The sticking point here is, I think, the subject. I might start out my sentence intending to say something about Sir Henry, but if I begin the sentence with a description followed by a comma, the thing being described has to come right after the comma. So I can ditch the description, move the description, or ditch Sir Henry. Here, I think ditching Sir Henry is the best choice because we don’t need to see him seeing Kingshome. We can just look at Kingshome ourselves.
3) Comma Splices
The rules governing comma use are both plentiful and somewhat fluid, but one very common mistake that’s relatively easy to fix is (dun dun DUNNN) the dreaded comma splice. A comma splice occurs when a comma is used to connect two independent clauses, like so:
I watched two straight seasons of Gilmore Girls today, I think my brain might have melted.
If I put a period where that comma is, I would have two thoughts that could stand alone as sentences. That’s a problem. Why? Honestly, kind of just because. But we still need to do something about it, and we have several options:
1) We can add a conjunction or a subordination.
I watched two straight seasons of Gilmore Girls today, so I think my brain might have melted.
2) We can make one of the clauses a phrase by removing the subject-verb relationship.
As a result of watching two straight seasons of Gilmore Girls today, I think my brain might have melted.
3) We can change the punctuation.
I watched two straight seasons of Gilmore Girls today. I think my brain might have melted.
I watched two straight seasons of Gilmore Girls today; I think my brain might have melted.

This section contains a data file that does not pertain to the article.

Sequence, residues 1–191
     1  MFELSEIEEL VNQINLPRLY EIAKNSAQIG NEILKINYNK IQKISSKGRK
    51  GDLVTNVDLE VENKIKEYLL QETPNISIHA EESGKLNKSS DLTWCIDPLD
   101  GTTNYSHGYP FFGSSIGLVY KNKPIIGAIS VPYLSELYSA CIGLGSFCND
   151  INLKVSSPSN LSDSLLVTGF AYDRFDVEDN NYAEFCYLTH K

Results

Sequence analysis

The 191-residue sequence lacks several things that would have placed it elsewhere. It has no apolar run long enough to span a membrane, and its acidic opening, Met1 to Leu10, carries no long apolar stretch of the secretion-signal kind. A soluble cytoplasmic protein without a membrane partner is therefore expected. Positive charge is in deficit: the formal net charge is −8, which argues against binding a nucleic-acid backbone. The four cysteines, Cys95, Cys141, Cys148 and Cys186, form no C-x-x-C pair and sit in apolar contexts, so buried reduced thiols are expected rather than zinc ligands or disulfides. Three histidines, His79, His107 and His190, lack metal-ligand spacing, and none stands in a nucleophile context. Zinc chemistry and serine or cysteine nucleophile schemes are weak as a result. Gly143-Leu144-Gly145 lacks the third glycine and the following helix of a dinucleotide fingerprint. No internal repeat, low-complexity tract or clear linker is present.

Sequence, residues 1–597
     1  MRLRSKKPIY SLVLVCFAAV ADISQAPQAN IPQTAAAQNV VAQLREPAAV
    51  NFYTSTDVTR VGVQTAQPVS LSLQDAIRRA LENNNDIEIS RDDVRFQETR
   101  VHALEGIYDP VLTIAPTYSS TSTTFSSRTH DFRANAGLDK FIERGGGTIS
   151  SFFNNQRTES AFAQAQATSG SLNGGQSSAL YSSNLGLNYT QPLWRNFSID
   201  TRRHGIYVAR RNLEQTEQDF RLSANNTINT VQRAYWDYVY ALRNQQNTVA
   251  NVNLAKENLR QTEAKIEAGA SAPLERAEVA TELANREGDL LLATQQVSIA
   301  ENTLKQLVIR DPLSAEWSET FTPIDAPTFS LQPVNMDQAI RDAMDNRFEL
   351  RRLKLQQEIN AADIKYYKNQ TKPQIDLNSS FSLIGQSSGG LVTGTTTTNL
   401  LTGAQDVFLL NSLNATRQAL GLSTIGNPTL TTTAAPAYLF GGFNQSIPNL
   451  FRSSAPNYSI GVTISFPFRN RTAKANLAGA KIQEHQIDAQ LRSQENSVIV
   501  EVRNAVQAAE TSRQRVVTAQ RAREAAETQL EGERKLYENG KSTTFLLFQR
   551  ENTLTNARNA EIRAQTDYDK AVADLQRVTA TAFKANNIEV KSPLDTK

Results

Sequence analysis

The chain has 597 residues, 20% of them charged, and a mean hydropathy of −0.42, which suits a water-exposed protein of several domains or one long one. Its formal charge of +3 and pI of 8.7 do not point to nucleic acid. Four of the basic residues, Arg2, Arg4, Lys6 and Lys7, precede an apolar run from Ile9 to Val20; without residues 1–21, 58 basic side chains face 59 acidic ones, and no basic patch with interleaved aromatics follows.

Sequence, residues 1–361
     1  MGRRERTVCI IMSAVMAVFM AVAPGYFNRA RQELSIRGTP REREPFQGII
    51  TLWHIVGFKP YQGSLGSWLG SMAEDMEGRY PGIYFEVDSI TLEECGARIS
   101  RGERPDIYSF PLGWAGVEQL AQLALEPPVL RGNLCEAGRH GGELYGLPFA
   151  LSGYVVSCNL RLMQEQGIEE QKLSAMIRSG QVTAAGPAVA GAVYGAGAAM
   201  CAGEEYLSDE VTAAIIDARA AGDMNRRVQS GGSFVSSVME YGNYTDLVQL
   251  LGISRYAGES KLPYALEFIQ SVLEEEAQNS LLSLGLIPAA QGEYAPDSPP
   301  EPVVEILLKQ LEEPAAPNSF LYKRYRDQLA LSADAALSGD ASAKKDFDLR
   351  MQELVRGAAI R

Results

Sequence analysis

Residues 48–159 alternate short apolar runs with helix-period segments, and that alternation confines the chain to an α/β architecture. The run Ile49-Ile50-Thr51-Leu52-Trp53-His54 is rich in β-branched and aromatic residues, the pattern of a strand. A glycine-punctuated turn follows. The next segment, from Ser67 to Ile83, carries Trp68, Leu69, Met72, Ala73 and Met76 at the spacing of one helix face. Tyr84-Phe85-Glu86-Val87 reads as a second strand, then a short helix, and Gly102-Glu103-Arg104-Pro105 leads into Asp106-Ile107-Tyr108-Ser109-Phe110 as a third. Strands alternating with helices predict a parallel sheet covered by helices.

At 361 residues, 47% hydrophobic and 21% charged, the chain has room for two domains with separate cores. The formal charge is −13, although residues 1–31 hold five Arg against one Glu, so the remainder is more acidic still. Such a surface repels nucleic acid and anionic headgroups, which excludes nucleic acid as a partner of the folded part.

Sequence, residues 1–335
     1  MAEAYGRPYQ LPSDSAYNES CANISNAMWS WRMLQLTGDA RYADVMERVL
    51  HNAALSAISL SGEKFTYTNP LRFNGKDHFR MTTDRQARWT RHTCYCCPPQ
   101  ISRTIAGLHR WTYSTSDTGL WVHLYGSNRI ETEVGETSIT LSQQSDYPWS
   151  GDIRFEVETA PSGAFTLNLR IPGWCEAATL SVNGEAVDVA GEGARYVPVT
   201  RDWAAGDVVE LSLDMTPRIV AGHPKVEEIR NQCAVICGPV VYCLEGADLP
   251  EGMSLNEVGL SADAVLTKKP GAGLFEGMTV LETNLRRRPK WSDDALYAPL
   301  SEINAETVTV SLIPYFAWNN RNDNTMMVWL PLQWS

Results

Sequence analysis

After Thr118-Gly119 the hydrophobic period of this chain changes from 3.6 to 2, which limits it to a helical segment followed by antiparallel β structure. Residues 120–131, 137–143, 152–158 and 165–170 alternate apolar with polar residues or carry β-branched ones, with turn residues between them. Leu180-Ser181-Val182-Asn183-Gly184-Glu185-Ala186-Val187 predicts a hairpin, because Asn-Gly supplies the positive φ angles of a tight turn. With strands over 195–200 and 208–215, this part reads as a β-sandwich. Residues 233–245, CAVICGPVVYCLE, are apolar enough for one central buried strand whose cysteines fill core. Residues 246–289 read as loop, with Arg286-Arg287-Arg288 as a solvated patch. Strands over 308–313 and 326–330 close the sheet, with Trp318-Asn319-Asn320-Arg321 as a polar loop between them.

I watched two straight seasons of Gilmore Girls today–I think my brain might have melted.
I think my brain might have melted: I watched two straight seasons of Gilmore Girls today.
Quick trick reminder: Wherever you see a comma, imagine a period and see if everything still makes sense. If it does, you know you have a problem.
4) Pronoun Case
This is my favorite thing to talk about because I got nailed for it all the time as a child and, as a result, it’s now one of my biggest pet peeves. There seems to be this conspiracy floating around that the subjective pronouns (I, he, she, we, they) are just inherently more proper and desirable than their objective counterparts (me, him, her, us, them). Verily do I say unto you, my writing brethren, THEY ARE NOT.
Subjective and objective pronouns do two different jobs: subjective pronouns replace the subject in the sentence, and objective pronouns replace the object in the sentence. When deciding which you need, you can think of it that way–is my pronoun doing something or having something done to it? But I feel like that adds an added step that can easily be screwed up. So you’re probably better off using your ears, but with a certain strategy in place. (People mess this up so often in real life that your normal ears probably aren’t going to be that helpful). Take for example a representative scene from my childhood:
Me. Me and Sofi want to go to the movies.
Mom (in a wildly irritating, snooty voice): I want to go to the movies. Sofi and I want to go to the movies.